How You Can Help the Ocean The threats faced by our ocean planet may seem overwhelming. In the face of pollution, climate change, overfishing, and other daunting problems, what you can do on your own may seem like a drop in the bucket. But if we begin working together now, we can make a huge difference. Here are some ways to get started: A beach clean-up in Malaysia brings young people together to care for their coastline. Credit: Liew Shan Sern/Marine Photobank Make the ConnectionThe first step in making a difference is learning about the ocean and how your actions have an impact. Flickr User fatedsnowfox Be Water Wise All water on Earth is connected. • In the yard: Use as little fertilizer as possible. • On the table: Look for fruits and vegetables that are grown without pesticides (and don't spray them in your own garden). • In the house: Choose non-toxic cleaning products and low-phosphate detergents. Cristina Castillo / Smithsonian Institution Trim Down Trash Remember that trash we "throw away" doesn't disappear.

Local Recycling Centers and Recycling Information and Statistics. Learn How to Recycle and Live Green - Oceans of Trash Kids picking up trash on a beach. (Photo: Randy Faris/Corbis) Litter isn't just a problem in local parks and on sidewalks. It's also threatening the health of the Earth's oceans. According a report released earlier this month by the United Nations (UN), our oceans are filling up with trash. The garbage gets into the oceans when people litter. Trash also gets thrown into rivers that flow into oceans. The biggest concern about ocean trash is that most of it is plastic. Plastic can take up to 1,000 years to biodegrade, or break down into smaller parts, once it's thrown away. Danger to All People rarely see these garbage patches because they are created in areas of the ocean far away from land. Plastic and other junk that ends up in the ocean can wash up on beaches. Humans can be affected by beach trash as well. Plastic can be deadly for animals that live in the ocean. How to Help Without urgent action, the UN says in its report, the ocean trash problem will only get worse.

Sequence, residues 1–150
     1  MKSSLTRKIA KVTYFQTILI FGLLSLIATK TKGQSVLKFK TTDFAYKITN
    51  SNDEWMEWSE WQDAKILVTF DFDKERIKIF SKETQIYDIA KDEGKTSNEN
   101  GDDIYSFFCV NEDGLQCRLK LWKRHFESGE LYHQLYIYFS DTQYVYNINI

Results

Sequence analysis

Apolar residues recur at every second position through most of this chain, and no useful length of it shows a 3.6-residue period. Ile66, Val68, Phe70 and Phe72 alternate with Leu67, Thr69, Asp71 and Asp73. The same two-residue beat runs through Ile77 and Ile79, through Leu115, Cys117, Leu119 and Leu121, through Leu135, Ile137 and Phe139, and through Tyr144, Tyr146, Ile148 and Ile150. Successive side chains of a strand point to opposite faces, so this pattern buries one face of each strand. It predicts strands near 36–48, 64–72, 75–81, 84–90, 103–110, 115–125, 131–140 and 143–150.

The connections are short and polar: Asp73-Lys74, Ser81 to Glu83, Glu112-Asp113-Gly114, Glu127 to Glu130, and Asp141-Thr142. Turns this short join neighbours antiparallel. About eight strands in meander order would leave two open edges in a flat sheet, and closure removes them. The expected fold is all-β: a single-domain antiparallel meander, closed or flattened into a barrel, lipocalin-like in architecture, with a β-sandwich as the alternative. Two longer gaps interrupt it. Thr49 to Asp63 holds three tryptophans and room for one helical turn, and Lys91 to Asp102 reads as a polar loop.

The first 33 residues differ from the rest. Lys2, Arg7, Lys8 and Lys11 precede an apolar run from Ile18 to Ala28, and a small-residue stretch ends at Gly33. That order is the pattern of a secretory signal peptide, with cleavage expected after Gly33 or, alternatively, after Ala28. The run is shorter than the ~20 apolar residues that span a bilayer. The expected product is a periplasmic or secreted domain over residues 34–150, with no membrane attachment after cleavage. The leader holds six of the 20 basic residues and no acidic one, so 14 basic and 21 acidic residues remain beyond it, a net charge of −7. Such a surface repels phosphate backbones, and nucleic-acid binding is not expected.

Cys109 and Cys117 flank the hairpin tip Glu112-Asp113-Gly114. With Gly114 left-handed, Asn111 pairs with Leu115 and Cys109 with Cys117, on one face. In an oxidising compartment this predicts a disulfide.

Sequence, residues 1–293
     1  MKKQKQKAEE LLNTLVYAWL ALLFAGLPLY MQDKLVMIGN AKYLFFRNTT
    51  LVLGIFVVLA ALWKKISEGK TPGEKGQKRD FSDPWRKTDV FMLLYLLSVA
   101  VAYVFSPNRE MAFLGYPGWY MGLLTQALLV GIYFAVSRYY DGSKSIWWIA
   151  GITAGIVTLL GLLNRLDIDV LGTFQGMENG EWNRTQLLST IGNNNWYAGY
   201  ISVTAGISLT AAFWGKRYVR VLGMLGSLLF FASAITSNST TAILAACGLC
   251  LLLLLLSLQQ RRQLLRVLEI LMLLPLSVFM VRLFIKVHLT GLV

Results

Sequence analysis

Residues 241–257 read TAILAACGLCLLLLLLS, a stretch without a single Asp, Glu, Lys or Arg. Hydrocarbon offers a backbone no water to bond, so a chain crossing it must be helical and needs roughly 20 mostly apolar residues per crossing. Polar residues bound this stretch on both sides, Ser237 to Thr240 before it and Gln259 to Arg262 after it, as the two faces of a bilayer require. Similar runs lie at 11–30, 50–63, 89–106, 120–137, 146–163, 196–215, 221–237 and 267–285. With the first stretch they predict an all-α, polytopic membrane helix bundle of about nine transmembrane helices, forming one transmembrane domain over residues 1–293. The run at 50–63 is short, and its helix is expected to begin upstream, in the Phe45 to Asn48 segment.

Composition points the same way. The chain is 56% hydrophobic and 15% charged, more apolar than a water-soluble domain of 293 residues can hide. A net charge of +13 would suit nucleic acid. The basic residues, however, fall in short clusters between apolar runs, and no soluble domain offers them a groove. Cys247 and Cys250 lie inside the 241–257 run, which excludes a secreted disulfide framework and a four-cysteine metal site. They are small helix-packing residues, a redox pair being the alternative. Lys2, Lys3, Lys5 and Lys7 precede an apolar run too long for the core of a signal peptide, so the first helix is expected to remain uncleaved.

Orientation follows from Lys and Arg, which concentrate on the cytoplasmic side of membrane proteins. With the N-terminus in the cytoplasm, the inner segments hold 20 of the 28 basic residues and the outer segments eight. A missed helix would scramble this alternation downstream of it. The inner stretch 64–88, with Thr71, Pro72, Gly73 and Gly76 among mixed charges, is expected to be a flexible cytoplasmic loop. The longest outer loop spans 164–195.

Plastics in the Ocean Affecting Human Health Author: Gianna Andrews This case study is part of a collection of pages developed by students in the 2012 introductory-level Geology and Human Health course in the Department of Earth Sciences, Montana State University. Learn more about this project. Mountain of Plastic. Photo credit: Top News, "Scientists Baffled by Mystery of Missing Ocean Plastic", Jamie Williamson, Over a few decades, humans have managed to dump tons upon tons of garbage into the ocean. The Three Plastic Islands The Great Pacific Garbage Patch, also know as the Pacific Trash Vortex or gyre, is located in the central North Pacific Ocean and is larger than the state of Texas. Plastics are transported and converge in the ocean where currents meet. Location of Plastic Islands in Ocean. Sources of Plastic Toxins Entering the Oceanic Food Chain Chemicals in plastics are released into the water as well as the atmosphere. Recycle! Related Links 1.